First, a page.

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The President of the Republic at the Haapsalu Bishopric Castle on June 9, 2001

Estonia Remembers

Dear fellow sufferers,
dear people of Lääne County,

The image behind my back is one of a broken cornflower, and it is meant as a symbol, as a reminder to all those who have survived the turbulent times of the history of the Republic of Estonia - survived the attempts to delete the Republic of Estonia not only from the political map of the world, but also from the memory of the people of Estonia, from your consciousness.

My dear friends, this is not a mourning day. They wanted to extinguish us, they wanted to rob us of our country, our flag, our mother tongue, and yet we proved to be stronger. This is a victory day for all of us, and I am so very happy that also the youngest generation is sharing it with us - this is a generation, from which you, and those who are much younger than I am, will one day elect the President of the Republic, the ministers and members of the Riigikogu.

And yet the cornflower is broken. Why is it broken? We can never forget the losses we have borne. We can never forget those who can no longer share our joy and pride. All those, who lost their lives in concentration camps, labour camps, battlefields, far away in the camps of Siberia or Germany, on the flight over the Baltic Sea; and those who are in faraway countries - Germany, Australia, South Africa, Canada, the United States of America - everywhere where accepted Estonian were refugees.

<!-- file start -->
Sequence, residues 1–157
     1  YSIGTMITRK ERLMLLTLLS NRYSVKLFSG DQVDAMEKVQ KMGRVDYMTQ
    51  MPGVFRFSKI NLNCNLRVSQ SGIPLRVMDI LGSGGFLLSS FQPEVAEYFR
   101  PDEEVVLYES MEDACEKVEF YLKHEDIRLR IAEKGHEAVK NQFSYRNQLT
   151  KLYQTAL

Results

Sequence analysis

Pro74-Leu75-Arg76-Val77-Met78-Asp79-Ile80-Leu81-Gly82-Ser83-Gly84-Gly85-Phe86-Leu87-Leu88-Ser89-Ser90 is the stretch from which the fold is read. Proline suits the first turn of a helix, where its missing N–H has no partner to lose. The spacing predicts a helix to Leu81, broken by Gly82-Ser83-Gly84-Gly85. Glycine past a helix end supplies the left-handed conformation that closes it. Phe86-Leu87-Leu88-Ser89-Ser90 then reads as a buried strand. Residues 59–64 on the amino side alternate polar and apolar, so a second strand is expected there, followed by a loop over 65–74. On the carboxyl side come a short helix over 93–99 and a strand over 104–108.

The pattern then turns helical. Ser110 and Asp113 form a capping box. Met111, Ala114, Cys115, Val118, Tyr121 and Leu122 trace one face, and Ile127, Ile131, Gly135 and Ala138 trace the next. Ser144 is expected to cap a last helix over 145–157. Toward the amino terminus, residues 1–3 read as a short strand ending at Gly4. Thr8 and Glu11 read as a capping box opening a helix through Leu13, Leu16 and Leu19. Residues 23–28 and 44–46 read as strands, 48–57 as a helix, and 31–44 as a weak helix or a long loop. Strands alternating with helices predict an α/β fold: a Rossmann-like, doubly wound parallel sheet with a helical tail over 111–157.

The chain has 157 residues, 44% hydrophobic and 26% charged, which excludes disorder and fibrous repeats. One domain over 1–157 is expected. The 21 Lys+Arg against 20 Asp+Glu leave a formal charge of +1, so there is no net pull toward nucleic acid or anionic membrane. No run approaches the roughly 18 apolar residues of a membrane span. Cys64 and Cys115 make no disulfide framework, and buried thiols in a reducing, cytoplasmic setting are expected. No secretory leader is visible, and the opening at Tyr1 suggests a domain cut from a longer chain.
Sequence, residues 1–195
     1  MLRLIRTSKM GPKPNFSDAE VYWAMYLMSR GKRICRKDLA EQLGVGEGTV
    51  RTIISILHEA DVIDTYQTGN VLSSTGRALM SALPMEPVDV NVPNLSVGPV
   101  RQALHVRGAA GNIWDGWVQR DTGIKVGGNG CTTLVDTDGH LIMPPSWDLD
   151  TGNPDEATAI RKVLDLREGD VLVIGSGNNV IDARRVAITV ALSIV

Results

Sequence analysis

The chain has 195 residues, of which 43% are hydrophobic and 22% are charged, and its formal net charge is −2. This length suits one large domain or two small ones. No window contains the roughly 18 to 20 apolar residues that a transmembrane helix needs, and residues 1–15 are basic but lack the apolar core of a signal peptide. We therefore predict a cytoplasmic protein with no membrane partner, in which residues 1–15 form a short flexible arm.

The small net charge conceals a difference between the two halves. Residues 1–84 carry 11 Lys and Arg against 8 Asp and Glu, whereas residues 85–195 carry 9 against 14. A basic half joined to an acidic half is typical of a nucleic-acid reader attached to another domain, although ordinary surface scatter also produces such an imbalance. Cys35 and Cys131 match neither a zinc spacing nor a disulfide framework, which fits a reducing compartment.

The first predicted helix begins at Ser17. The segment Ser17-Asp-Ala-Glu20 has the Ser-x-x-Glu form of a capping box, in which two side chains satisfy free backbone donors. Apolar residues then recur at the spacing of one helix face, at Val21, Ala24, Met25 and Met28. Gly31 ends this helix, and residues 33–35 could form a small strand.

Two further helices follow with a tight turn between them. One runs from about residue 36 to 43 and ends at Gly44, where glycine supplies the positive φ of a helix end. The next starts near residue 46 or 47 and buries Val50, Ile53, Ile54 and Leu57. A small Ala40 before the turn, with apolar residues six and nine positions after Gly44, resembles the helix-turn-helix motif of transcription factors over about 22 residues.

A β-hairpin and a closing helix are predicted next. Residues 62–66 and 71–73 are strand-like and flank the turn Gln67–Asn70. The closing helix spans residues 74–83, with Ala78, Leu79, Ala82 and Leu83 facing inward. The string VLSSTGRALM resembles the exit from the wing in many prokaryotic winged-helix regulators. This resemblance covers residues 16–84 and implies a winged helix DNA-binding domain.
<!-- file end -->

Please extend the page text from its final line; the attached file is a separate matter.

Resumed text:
And so we are faced with the question what is the true meaning of the Broken Cornflower, in what way does it unite us? We should make some simple things clear. No other country in Europe than the small Estonian nation has lost so much of its population during and after World War II. What were the reasons for that? Did we make some mistake that we need to put into words unambiguously, so as to avoid it in the future? Or was it by chance that the Grim Reaper had such a rich harvest here? Dear fellow sufferers, we have gathered here today to be aware of our own strength, and to understand that we stand high above the fate that robbers like Hitler and Stalin once prepared for us. We stand high above the fate that Stalin and his chief hangman Zhdanov had prepared for us. And yet we should recall that in the years 1939-1940 we were alone in the world; it became quite obvious that pressure from the East was increasing, and we saw how the government of the Republic of Estonia was step-by-step forced to concede to the agreements on military bases and the ban of free press, and how it was forced to restrict the movement of information within Estonia and out of Estonia - we will never let this happen to Estonia again.